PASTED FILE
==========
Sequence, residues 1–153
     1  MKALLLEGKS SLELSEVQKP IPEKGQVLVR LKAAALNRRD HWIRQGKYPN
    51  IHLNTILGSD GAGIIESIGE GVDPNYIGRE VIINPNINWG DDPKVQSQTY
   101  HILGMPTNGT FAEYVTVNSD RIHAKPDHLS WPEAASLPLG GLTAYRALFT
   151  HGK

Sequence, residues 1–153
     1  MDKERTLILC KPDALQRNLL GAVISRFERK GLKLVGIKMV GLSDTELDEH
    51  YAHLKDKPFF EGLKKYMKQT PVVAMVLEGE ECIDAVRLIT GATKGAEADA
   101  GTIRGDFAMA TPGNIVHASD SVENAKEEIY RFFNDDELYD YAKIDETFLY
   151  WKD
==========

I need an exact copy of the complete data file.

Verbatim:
Sequence, residues 1–153
     1  MKALLLEGKS SLELSEVQKP IPEKGQVLVR LKAAALNRRD HWIRQGKYPN
    51  IHLNTILGSD GAGIIESIGE GVDPNYIGRE VIINPNINWG DDPKVQSQTY
   101  HILGMPTNGT FAEYVTVNSD RIHAKPDHLS WPEAASLPLG GLTAYRALFT
   151  HGK

Sequence, residues 1–153
     1  MDKERTLILC KPDALQRNLL GAVISRFERK GLKLVGIKMV GLSDTELDEH
    51  YAHLKDKPFF EGLKKYMKQT PVVAMVLEGE ECIDAVRLIT GATKGAEADA
   101  GTIRGDFAMA TPGNIVHASD SVENAKEEIY RFFNDDELYD YAKIDETFLY
   151  WKD